Saturday, January 21, 2006

A feeding frenzy: there is blood in the water!

Ed Case is all about Ed Case. I watch him and I think: jeez, what a cracker. That guy is more mainland haole then I am, and I am about as mainland haole as you get! (Proudly) He is stiff and arrogant and completely unimpressive.

Several things strike me, and I want to note them here. First off, I agree, in principle, that our Senators have reached an age when they should seriously consider stepping down for the good of this state and for the good of the Democratic Party. They have reached an age when one can legitimately and fairly begin to question their ability to effectively fulfill the duties and obligations of the offices to which they have been elected. All that being said, it is the height of arrogance that Ed Case assumes that he, after less than three terms in office is the natural successor to a man like Daniel Akaka. Senator Akaka, for all his faults (i.e. voting for drilling in ANWR and the fact that he rarely returns to Hawaii) is a much loved man in this state. He is fundamentally decent and takes the best care of this state as he knows how. Perhaps Ed Case has forgotten his colleague Congressman Neil Abercrombie who has a bit more seniority in the U.S. House of Representatives (essentially he has served the first district of Hawaii since 1991). I am not saying that Congressman Abercrombie is next in line either, but he has a more legitimate argument when taken in the one dimensional frame that Case has cast his bid.

Ed Case has a long history of political opportunism. He was a member of the state House of Representatives until he saw an opportunity to run for Governor in 2002. He just lost to Mazie Hirono. Shortly thereafter Congresswoman Patsy Mink died. Case immediately jumped in the race and in a true sign of the fact that he lacks class, beat Mink’s widower in the special election to complete his term. He did this despite the fact that Mink announced that he would not run for re-election. As clear a sign as there is that Case is all about Case.

Lastly, it should be pointed out that Case is hardly a Democrat. Not only is he not loyal to the state party, but he strays regularly from the national party. Clearly, no one wants a robot who marches to the drum of the party. An elected official that votes his conscience is something that anyone should be able to respect, but Case doesn’t just vote his conscience, he has no loyalty. There are times when a party needs to stand together, united for a common cause. Otherwise, what is the point of having political parties?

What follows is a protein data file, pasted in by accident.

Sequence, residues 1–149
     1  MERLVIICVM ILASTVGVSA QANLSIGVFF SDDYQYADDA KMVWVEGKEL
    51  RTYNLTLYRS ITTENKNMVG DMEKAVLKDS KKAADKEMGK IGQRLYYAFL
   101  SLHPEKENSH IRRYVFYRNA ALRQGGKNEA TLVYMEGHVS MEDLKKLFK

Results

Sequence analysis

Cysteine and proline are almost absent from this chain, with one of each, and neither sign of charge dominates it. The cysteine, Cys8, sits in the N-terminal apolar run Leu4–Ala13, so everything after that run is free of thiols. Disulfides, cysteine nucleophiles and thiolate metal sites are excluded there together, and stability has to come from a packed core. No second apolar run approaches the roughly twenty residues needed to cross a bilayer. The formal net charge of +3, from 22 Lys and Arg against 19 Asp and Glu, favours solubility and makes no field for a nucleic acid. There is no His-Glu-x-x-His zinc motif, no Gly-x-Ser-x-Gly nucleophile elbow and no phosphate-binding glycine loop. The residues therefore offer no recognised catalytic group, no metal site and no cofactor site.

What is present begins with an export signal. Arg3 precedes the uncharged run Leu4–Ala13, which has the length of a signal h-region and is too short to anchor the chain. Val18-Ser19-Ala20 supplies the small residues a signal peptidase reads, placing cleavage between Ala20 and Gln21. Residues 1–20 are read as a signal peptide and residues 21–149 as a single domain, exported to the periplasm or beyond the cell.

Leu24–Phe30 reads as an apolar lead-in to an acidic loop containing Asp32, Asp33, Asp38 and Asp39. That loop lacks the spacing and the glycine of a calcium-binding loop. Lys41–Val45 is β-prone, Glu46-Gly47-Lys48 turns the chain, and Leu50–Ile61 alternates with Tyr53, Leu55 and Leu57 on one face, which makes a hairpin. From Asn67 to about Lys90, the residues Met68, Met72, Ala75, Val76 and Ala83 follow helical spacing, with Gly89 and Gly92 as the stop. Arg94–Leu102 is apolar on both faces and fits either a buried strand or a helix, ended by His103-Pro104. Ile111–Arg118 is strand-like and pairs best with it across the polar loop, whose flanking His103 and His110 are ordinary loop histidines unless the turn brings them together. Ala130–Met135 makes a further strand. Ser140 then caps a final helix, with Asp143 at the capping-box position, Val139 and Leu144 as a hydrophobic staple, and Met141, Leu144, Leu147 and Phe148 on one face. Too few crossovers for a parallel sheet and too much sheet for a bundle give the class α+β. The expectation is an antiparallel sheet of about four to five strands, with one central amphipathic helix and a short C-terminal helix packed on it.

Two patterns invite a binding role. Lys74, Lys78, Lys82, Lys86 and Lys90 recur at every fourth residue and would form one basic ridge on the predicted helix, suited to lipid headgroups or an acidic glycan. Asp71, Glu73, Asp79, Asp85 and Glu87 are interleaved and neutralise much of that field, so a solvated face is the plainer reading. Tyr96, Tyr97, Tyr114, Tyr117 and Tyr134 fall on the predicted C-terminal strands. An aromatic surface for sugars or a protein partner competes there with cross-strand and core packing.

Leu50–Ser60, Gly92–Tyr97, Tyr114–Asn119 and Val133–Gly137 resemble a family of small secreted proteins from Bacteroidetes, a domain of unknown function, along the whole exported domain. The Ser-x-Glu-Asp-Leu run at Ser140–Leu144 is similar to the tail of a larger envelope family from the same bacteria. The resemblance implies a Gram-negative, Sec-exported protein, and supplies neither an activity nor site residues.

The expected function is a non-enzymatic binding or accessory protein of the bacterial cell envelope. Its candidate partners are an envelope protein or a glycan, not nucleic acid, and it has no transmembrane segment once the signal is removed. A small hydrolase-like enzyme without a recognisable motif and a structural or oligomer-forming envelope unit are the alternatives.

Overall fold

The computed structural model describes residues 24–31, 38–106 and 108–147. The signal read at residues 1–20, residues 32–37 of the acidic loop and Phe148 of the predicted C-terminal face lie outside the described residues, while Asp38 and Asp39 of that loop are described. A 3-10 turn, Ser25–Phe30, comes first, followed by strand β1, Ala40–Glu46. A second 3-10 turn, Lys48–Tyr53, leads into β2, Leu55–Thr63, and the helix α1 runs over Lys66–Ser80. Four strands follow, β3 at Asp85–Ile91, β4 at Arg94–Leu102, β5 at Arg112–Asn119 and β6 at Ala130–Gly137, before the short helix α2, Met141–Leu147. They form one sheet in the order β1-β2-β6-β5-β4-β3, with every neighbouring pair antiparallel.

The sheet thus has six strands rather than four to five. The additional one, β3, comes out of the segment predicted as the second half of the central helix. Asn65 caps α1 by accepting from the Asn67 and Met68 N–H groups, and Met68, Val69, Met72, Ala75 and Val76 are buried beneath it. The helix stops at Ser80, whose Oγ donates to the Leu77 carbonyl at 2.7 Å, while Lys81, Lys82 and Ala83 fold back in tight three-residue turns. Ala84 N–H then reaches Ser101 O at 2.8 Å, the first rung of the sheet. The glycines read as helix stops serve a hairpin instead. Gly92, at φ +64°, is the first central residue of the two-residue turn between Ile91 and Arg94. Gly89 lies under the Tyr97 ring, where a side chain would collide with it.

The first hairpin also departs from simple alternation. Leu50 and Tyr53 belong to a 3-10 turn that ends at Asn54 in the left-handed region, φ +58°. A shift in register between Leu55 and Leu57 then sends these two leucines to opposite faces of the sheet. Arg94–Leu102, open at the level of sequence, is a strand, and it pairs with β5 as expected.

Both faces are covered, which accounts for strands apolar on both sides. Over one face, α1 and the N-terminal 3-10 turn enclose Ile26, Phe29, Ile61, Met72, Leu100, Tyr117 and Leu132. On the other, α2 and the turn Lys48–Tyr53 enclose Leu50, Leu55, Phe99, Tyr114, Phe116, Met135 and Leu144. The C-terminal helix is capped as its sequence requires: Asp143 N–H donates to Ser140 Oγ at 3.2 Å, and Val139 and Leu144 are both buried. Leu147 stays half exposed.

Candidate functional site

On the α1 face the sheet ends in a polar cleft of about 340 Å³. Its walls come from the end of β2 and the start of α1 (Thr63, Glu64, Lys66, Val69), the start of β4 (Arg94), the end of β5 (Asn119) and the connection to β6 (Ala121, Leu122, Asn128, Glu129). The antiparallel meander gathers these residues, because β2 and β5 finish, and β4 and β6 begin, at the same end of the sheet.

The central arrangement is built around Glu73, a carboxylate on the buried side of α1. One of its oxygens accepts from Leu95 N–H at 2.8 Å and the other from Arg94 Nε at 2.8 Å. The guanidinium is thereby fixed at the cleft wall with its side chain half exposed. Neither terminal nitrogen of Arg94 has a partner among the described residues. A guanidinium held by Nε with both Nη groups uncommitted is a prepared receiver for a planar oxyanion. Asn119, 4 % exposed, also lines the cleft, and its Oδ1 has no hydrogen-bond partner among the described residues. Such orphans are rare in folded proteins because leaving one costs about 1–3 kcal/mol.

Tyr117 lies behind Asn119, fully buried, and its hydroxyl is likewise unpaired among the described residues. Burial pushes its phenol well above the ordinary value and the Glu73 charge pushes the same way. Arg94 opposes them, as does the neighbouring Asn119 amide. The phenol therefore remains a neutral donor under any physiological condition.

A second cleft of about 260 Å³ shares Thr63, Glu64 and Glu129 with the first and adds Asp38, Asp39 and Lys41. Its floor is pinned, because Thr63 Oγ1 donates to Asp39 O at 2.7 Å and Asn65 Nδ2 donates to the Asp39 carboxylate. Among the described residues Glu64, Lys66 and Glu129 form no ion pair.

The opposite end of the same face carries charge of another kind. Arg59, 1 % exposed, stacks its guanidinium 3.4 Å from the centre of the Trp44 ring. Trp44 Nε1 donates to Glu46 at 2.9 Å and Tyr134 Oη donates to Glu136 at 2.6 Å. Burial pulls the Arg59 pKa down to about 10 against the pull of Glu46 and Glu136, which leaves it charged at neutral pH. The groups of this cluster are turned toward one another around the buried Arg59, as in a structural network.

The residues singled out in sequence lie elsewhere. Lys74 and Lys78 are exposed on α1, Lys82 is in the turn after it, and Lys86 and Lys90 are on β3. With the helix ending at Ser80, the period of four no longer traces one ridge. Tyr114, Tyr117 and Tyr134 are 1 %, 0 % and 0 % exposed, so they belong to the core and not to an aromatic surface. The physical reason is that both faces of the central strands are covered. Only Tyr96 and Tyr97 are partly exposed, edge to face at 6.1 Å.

Ed Case is an opportunist. In this state where race matters so much (yes it matters elsewhere, but is never discussed), he conveniently went out and married a Japanese-American woman just before running for Governor. Some believe his story of re-connecting at a 30th Reunion, but I am too cynical for all that (I guess you can take the boy out of the Northeast, but not the Northeast out of the boy). Seems like she is a trophy, at least to me, and there is a bit of whispering around the state capitol to that extent as well. I personally think one should be able to be married to whomever one wishes and that should be sufficient, but Hawaii just isn’t like that. It is a fact and a state of mind here. Often the first question, when meeting someone here, is a discussion of ethnic background. That would make the wasps where I come from positively red with embarrassment.

At the opening day of the 2006 Legislature, Case was seen mingling quite happily with the Republican caucus. Loyalty must be remembered, and no one ever wins a Democratic primary against a much loved elder statesman by running to the right.

Remember that Eddie, when we finally rid ourselves of you!

As a result of this sudden move, many an eager state legislator has been seen at the Capitol trolling for support. It is like a fishing boat sailing into Kewalo Basin, fish bits falling off the back, and the sharks trailing behind. Innocent bystanders should watch out for the impending feeding frenzy, lest they lose an arm or a leg to this crew of political opportunists. A good politician would hang back and observe a bit before throwing in with this set. Never trust a politician that acts so rashly on their own behalf. Decisive action in leadership may be valued, but decisive action in selfishness is not!